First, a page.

If for any reason you want to show the variable, all you have to do is enclose the string and variable in single quotes. To see the difference:
Write-host "Today is $date." will output
Today is 1/19/08.
Write-host 'Today is $date.' will output
Today is $date.
One way to name the new folder is to use double quotes.
new-item -path c:scripts -name "archived on $date" -type directory
Even easier, in case we need to reference that path later, we could make the name of the new directory a variable itself. That can be simpler to reference.
$destpath = "archived on $date"
Copying files from their original location to the new folder
Now that you've got the folder in place, you can archive the files in their new location, either by moving them with the move-item cmdlet or by copying them to their new home (if you still need the files in their original location) with copy-item.
We've named the new folder with the information we wanted to use, so the final command is pretty simple:
move-item -path c:logfiles*.log -destination c:old$destpath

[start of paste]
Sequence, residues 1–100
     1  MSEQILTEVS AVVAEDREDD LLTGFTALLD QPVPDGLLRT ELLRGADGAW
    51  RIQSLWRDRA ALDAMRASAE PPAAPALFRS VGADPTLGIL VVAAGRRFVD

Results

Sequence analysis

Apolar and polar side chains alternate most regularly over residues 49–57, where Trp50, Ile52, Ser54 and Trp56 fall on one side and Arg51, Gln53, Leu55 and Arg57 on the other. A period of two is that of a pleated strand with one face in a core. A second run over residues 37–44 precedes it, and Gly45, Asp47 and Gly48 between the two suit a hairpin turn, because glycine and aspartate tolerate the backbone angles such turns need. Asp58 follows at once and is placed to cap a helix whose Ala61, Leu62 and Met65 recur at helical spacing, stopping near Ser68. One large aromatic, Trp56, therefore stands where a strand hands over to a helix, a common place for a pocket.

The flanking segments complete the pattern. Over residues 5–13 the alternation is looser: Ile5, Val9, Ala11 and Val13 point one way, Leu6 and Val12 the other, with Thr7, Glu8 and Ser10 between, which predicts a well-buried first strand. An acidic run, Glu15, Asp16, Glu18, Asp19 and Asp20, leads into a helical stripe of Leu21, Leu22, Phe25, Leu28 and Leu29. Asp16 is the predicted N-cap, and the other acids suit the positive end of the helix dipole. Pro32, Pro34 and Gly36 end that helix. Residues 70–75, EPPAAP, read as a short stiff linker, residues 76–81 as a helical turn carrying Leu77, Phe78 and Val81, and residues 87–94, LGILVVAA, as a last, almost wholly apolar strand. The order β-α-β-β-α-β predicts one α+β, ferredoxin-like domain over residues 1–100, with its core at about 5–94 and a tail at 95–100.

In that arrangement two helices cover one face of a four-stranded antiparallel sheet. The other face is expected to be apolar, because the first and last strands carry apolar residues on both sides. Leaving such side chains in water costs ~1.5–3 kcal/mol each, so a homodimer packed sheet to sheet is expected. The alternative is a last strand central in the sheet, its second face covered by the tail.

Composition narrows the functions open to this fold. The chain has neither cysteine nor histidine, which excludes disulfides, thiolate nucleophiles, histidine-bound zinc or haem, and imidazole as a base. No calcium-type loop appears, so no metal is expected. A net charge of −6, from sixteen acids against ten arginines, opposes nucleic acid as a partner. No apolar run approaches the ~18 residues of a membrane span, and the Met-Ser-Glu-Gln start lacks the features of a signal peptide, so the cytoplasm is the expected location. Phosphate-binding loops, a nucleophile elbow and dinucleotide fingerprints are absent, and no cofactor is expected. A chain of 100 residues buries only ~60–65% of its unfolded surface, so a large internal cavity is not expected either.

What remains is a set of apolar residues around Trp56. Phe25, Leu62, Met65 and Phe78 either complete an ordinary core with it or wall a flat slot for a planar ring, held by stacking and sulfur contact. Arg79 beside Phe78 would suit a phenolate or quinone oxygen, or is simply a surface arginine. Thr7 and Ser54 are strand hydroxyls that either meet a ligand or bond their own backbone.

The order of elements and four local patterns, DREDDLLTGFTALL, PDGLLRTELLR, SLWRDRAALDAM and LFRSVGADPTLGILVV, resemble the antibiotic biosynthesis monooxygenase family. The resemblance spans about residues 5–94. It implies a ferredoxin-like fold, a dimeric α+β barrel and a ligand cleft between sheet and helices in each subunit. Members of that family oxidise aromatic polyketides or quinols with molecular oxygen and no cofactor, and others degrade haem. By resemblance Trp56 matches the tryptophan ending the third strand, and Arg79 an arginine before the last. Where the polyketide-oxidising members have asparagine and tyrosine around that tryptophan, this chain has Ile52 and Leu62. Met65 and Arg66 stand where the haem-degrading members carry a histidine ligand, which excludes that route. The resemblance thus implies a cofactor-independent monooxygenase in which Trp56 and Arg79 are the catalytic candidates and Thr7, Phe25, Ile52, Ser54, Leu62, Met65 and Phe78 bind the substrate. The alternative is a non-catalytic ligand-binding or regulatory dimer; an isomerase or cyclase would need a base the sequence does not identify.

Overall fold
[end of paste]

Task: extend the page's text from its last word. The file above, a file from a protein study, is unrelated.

The entire script looks like this:
$date=get-date –format d
$date=$date -replace "/", "-"
$destpath = "archived on $date"
$storage=new-item -path c:old -name $destpath -type directory
move-item -path c:logs*.log -destination $storage
Save this as a .ps1 file as described in my previous column on how to save and run scripts with Windows PowerShell, and you can reuse it every time you want to archive data. You now know how to use variables to store pertinent data and combine it with file-system provider cmdlets to make it part of your archiving system. I'll expand on this example in future columns.
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|ABOUT THE AUTHOR:|
A Terminal Services MVP, Christa Anderson is a program manager on the Terminal Services team at Microsoft. She is an internationally known authority on scripting, the author of Windows Terminal Services, The Definitive Guide to MetaFrame XP, and co-author of the book Mastering Windows 2003 Server. If you have a scripting question for Christa, please email her at editor@SearchWincomputing.com. She often uses these emails as fodder for her scripting columns.